Tag Archives: ordinate affection

Two Exams, and Two Questions

Two Exams, and Two Questions

I present my children with two written tests. They open the envelope of the first, and see the heading, “Dad Orthodoxy”. A series of questions about me follows, which they find delightfully easy. “What is your father’s first name?” “What color are your father’s eyes?” “What is your father’s favorite meal?” “Where did your father… Continue Reading

Letter to a Concerned Saint

Letter to a Concerned Saint

Dear saint, You have been reading about orthopathy and ordinate affection, and perhaps it all sounds rather perplexing and intimidating. The controversy around these matters is unnerving and unsettling, and you wish it would go away.  It has caused you some real anxiety. You are close to real distress, or worse, to dismissing the whole… Continue Reading

Irreverent and Culpable

Irreverent and Culpable

This entry is part 4 of 4 in the series Mind Your Manners: Rude to God You can read more posts from the series by using the Contents in the right sidebar.

 Thus far in this series, we have seen several truths about manners and their relation to worship and worship forms: All cultures have manners. All cultures recognize the importance of appropriate responses. The expression of these appropriate responses differs greatly between cultures. These differences do not relativize the affections of reverence or honor  They demonstrate that meaning comes… Continue Reading

Manners and Meaning

Manners and Meaning

This entry is part 3 of 4 in the series Mind Your Manners: Rude to God You can read more posts from the series by using the Contents in the right sidebar.

What do widely varying manners tell us about ordinate affection? Some reason this way: since some cultures regard eye-contact as respectful, and others regard eye-contact as impudent, these opposite understandings of reverence show the relative and subjective nature of manners. These outward expressions are adiaphora – indifferent, neutral things. The morality lies in the person… Continue Reading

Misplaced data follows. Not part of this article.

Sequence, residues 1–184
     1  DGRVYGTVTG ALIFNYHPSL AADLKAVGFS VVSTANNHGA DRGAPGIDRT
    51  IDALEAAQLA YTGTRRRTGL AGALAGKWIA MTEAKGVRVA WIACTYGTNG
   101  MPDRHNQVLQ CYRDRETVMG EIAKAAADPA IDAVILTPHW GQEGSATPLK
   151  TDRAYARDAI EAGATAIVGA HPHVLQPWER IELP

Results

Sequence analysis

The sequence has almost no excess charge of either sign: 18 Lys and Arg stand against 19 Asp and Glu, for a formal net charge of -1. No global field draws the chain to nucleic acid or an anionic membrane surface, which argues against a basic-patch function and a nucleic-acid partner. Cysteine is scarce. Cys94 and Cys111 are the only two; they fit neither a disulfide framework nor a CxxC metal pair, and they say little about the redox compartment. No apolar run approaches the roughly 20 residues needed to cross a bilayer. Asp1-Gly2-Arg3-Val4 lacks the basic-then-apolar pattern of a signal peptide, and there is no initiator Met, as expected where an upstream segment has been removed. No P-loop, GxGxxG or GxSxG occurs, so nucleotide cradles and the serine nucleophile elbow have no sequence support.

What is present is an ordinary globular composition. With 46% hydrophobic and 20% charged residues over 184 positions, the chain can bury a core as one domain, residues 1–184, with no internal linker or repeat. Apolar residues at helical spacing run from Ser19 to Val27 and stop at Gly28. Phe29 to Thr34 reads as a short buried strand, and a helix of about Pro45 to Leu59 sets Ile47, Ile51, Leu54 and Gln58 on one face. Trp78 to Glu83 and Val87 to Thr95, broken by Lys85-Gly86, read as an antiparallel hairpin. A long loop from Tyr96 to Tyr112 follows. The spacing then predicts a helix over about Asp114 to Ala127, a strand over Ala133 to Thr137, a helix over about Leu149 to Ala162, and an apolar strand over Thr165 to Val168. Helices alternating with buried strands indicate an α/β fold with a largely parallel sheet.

The Strange Silence Around the Third Commandment

The Strange Silence Around the Third Commandment

This entry is part 2 of 4 in the series Mind Your Manners: Rude to God You can read more posts from the series by using the Contents in the right sidebar.

“You shall not take the name of the Lord your God in vain.” This command is universally understood to mean that God’s name is not to be used as a curse-word, or as a mere exclamation. And who would deny that? To use the very name of God to express irritation or surprise, to add… Continue Reading

Mind Your Manners: Rude to God

Mind Your Manners: Rude to God

This entry is part 1 of 4 in the series Mind Your Manners: Rude to God You can read more posts from the series by using the Contents in the right sidebar.

Manners are strange and wonderful things. Every culture has them, and yet they often vary widely between cultures. In Western culture, ‘ladies first’ is a way of expressing deference and honour to women, while in some black cultures in South Africa, a man is to enter every space first to demonstrate his protection of those… Continue Reading

A Christian Imagination

A Christian Imagination

This entry is part 22 of 32 in the series Toward Conservative Christian Churches You can read more posts from the series by using the Contents in the right sidebar.

Don’t use adjectives which merely tell us how you want us to feel about the thing you are describing. I mean, instead of telling us a thing was “terrible”, describe it so that we’ll be terrified. Don’t say it was “delightful”: make us say “delightful” when we’ve read the description. You see, all those words… Continue Reading

Music is for people, not God

Music is for people, not God

I have heard many times from people who have the noble objective of recovering a God-centeredness in worship that our music is not for people–it’s for God. Now, I understand and applaud the sentiment behind a statement like this. If by this statement they mean that God should be the center and focus of our worship, then… Continue Reading

Distinguishing Between Affections

Distinguishing Between Affections

This entry is part 16 of 32 in the series Toward Conservative Christian Churches You can read more posts from the series by using the Contents in the right sidebar.

A Christian understanding of the affections emphasizes the centrality of the affections in the Christian life, and distinguishes it from modern notions of emotion. Beyond that, restoring a Christian view of the affections requires distinguishing between the kinds of affections. If the affections are our hearts’ expressions of value or response to the nature and worth… Continue Reading